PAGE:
Centralized power: LeBron's move beefs up Bucks' division
LAS VEGAS—LeBron James' decision to return to the Cleveland Cavaliers was not a huge surprise after all the reports of the last few days.
But it's clear his choice makes the Central Division even stronger and a more formidable challenge for the rebuilding Milwaukee Bucks.
“It obviously makes our division the most competitive in the NBA, with Indiana, Chicago and Cleveland,” Bucks general manager John Hammond said. “He (James) was arguably the best player in the NBA when he left, and he comes back to Cleveland with that question answered.
“He is the best player in the world.”
The Bucks now will face a much more potent Cavaliers team—some oddsmakers already have established Cleveland a 4-1 favorities to win the NBA title—in four division games next season. The Bucks have 200-1 odds to win the title.
“It doesn't change our approach at all,” Hammond said. “We're still a team in the building process. We're looking forward to competing with these kind of teams in the somewhat near future.”
And it could be a boon for Bucks' ticket sales with two LeBron appearances on the schedule. Last season Miami played just once in Milwaukee and it came late in the season, diminishing some of the enthusiasm with the Bucks on the way to a league-worst record.
“LeBron creates energy and enthusiasm in every arena he plays in the NBA,” Hammond said. “Ours will be no different.”
Now Milwaukee is faced with a powerful Cavaliers rival in addition to the Chicago Bulls, with Derrick Rose returning at point guard, and a still-strong Indiana Pacers team. Free agent Carmelo Anthony is still pondering whether to sign with the Bulls or return to the New York Knicks, and if Anthony goes to Chicago it could be the most powerful team in the Eastern Conference.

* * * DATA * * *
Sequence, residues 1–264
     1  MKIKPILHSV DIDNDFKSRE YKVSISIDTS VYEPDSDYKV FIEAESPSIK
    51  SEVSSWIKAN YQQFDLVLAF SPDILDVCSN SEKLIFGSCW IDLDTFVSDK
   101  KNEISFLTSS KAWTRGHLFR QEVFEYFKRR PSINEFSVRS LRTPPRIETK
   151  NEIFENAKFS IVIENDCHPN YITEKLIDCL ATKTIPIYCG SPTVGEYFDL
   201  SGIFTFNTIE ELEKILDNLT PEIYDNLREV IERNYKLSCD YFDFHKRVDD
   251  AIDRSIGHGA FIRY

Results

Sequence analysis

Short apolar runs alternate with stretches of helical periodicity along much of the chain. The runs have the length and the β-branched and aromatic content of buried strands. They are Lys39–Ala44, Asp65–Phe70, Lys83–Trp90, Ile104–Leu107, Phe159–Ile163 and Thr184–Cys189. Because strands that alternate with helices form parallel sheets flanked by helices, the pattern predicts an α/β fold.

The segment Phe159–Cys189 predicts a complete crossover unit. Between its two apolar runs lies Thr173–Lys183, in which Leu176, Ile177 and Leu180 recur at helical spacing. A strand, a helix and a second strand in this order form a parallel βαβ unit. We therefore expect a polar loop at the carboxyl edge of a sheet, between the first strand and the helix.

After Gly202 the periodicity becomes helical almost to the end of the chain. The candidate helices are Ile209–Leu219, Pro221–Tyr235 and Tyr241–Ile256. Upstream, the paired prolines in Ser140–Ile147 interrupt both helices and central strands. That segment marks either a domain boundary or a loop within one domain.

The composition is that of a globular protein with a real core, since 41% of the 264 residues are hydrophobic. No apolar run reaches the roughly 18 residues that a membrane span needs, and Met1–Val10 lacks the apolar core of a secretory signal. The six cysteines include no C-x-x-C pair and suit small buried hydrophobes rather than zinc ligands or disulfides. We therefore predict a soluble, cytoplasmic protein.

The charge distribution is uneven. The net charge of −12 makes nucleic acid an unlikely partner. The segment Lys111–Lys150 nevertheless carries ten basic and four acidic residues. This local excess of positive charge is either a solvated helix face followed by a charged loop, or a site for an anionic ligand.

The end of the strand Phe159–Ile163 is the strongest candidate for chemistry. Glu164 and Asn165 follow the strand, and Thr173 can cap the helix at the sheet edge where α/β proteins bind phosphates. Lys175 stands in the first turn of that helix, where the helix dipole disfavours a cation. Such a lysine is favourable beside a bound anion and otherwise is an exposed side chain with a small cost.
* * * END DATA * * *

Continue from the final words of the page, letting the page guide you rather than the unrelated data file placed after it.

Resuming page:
“It's going to be good for us, as a young team, playing those guys a lot is going to help us out,” said Bucks forward John Henson, who worked out with the team's new coaches Friday. “With him coming, I think it made it the toughest division in the NBA.
“It's part of it, though.”
Henson said he was a bit surprised by James' return to the Cavaliers.
“Looking back on it, everybody should have known,” Henson said. “The signs were there, but nobody wanted to believe it.”
Bucks co-owner Marc Lasry said he was encouraged with James' decision.
“I think it's great,” Lasry said. “It tells mid-market and small-market teams you're going to be able to compete.
“When you can play against the best player in the league, it gives them (the Bucks' young players) a lot of experience.
“I'm surprised, pleasantly surprised. I feel bad for Miami and I think it's great for Cleveland. When LeBron left, Cleveland went through a really difficult time.”
It will be a much different-looking division this fall with James back in Cavaliers colors. He will team up with point guard Kyrie Irving, recently signed to a long-term deal, and No. 1 overall pick Andrew Wiggins. But there also is talk the Cavaliers may try to acquire power forward Kevin Love from Minnesota and Wiggins could be part of the deal.
The Detroit Pistons have hired Stan Van Gundy to reverse their fortunes while the Bucks have retooled with Jason Kidd as head coach.
Expect a lively and testy series of games in this division next season, with much more focus on the Central due to James' presence.
The NBA regular-season schedule will not be released for several weeks or possibly in early August.
Now the Bucks' home dates against Cleveland will become must-see games. And it will be interesting to see if the schedule-makers give the Bucks some prominence when they play Brooklyn, the team Kidd coached last season and the franchise where he starred as a player.
Milwaukee already is scheduled to play the New York Knicks at The O2 in London—a Bucks home game—on Jan. 15, 2015.